Then Chief Justice Rehnquist looked at the octogenarian Altmann, and said something to the effect of, “If we rule for you, then we have to worry about claims from Japan.” Everyone in the audience started laughing. (Well, the Chief did join Justice Kennedy’s dissent, ruling against Altmann, so maybe he was thinking this.).

Fourth, Schoenberg’s argument was so, so, so terrible. Here is a rough transcript:

We’re very sensitive to the government’s concerns, Mr. Chief Justice. It is the can of worms argument . . . . We recommend opening the can. And extracting one little worm with a pair of tweezers and quickly closing it shut again . . . . This is a case of one woman, wanting back what is rightfully hers . . . . Let’s give her justice too.

Yes, this is actually the argument made. I burst out laughing. I couldn’t help it.

Perhaps the only thing that was semi-accurate was that in the movie Chief Justice Rehnquist asked a question of Schoenberg. I had no idea what the question was, something about jurisdiction that made no sense. In the movie, Schoenberg replied something to the effect of “I didn’t understand that question.” Apparently, that actually was said. Justice Souter asked some question, and Shoenberg replied:

“Well, I’m . . .  I’m not sure that I understand the question.” (Turn to 27:59 on Oyez).

There was one scene earlier in the movie where Ronald Lauder (the heir to the Estee Lauder fortune) unsuccessfully tries to get Altmann to drop her lawyer and have someone more experienced argue before the Court. (Her lawyer had never argued a case before SCOTUS before). According to “Lady in Gold,” the book that was the basis for the movie, Lauder suggested that she hire Robert Bork! According to Oyez, Bork only had one argument since the 1990s–the 2002 case of  Festo Corp. v. Shoketsu Kinzoku Kogyo Kabushiki Co. The role of Lauder was played by some actor named Ben Miles, but I think Tom Goldstein could have pulled it off much more naturally–and maybe he would have snagged the client too!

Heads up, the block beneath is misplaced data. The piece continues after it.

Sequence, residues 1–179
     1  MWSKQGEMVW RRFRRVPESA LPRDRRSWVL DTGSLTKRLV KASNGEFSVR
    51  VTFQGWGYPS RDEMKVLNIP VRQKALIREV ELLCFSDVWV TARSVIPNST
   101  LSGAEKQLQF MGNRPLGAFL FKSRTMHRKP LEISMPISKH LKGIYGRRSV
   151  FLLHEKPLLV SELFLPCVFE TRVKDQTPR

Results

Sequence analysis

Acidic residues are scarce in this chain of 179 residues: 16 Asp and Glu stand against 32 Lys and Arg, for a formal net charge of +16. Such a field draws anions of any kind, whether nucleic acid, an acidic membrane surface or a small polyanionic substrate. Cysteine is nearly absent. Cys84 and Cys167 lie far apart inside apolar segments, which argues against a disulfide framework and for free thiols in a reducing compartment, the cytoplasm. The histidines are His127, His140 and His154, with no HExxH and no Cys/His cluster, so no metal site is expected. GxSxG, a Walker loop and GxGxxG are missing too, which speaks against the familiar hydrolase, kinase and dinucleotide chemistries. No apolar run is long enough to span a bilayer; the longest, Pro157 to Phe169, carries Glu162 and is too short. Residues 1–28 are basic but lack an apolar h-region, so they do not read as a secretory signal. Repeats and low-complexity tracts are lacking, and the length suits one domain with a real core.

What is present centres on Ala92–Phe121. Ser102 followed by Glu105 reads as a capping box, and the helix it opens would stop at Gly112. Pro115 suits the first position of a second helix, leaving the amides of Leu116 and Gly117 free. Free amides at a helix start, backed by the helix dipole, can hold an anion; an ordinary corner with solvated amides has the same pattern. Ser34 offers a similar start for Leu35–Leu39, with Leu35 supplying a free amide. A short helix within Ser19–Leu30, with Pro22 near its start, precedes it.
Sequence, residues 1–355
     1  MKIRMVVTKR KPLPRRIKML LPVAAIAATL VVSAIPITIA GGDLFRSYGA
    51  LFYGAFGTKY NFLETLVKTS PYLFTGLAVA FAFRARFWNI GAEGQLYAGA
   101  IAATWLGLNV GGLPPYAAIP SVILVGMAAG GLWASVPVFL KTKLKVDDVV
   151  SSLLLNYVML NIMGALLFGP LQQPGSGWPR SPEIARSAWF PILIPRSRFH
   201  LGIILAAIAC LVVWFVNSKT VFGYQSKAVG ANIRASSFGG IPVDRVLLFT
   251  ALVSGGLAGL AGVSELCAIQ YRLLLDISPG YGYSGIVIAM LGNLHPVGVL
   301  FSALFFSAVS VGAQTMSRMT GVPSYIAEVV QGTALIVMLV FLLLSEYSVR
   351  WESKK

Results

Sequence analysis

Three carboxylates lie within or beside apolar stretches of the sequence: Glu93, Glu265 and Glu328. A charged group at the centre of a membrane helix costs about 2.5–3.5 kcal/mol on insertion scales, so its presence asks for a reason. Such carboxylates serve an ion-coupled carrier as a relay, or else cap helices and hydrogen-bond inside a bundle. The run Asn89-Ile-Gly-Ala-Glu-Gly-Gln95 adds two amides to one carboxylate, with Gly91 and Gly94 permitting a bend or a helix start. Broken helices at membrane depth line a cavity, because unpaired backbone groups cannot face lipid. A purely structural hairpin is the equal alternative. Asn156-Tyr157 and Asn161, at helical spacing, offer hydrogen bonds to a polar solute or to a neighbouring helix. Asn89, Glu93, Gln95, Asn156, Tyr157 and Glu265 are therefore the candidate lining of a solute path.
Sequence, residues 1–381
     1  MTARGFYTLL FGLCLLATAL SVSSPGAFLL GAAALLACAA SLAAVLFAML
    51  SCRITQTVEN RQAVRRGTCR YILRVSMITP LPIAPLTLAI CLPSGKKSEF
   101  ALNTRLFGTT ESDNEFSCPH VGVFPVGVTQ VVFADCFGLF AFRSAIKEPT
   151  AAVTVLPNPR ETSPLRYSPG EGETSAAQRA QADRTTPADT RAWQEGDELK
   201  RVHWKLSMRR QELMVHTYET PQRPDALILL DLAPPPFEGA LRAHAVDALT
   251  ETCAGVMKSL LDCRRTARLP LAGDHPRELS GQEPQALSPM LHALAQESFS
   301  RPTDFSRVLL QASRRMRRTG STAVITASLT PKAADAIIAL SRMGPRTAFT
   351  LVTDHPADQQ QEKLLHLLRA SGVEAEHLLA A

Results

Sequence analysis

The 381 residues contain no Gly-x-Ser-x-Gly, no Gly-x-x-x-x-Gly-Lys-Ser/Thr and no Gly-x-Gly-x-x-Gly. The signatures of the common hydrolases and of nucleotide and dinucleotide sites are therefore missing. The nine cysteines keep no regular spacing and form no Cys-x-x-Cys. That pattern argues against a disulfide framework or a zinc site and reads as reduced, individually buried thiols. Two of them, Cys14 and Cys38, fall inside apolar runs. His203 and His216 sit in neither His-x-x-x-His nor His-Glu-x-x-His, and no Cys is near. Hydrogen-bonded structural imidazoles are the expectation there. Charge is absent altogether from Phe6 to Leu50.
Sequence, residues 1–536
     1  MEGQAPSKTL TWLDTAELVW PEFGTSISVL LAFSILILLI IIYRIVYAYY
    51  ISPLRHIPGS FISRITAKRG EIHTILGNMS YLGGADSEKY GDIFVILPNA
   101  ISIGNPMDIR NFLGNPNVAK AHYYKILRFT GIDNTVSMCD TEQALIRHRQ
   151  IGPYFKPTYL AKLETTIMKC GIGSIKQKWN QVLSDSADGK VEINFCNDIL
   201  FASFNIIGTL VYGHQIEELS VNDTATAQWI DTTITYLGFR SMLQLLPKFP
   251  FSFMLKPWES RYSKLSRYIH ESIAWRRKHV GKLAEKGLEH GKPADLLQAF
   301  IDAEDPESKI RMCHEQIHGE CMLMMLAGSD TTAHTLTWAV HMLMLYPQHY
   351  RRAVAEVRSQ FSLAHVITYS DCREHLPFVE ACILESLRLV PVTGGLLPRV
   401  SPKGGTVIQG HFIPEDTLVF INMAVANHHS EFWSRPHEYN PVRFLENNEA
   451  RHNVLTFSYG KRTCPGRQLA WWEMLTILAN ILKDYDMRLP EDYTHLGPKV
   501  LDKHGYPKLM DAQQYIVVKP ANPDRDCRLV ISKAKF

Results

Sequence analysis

Watch the clip at your own peril. It’s painful to watch.

RBG’s New Jabot?

December 2nd, 2014

It seems that Justice Ginsburg came back from the hospital with more than a stent.

In a post titled “Facebook and Ginsburg’s New Jabot,” Art Lien sketches a huge neck doily for RBG.



Mark Walsh provides a view from inside the Court of RBG’s decolletage.


Once she took her seat, though, Justice Ginsburg seemed to be right at home. SCOTUSBlog artist Art Lien says that she appeared to be sporting a new, wider-than-normal jabot. (Whether the decorative cream-colored neckpiece the Justice wore today is technically a jabot is beyond my or Art’s fashion expertise.)

Fortunately, I think this within my expertise. We are still in the realm of jabots, though RBG is pushing the bounds into a mane.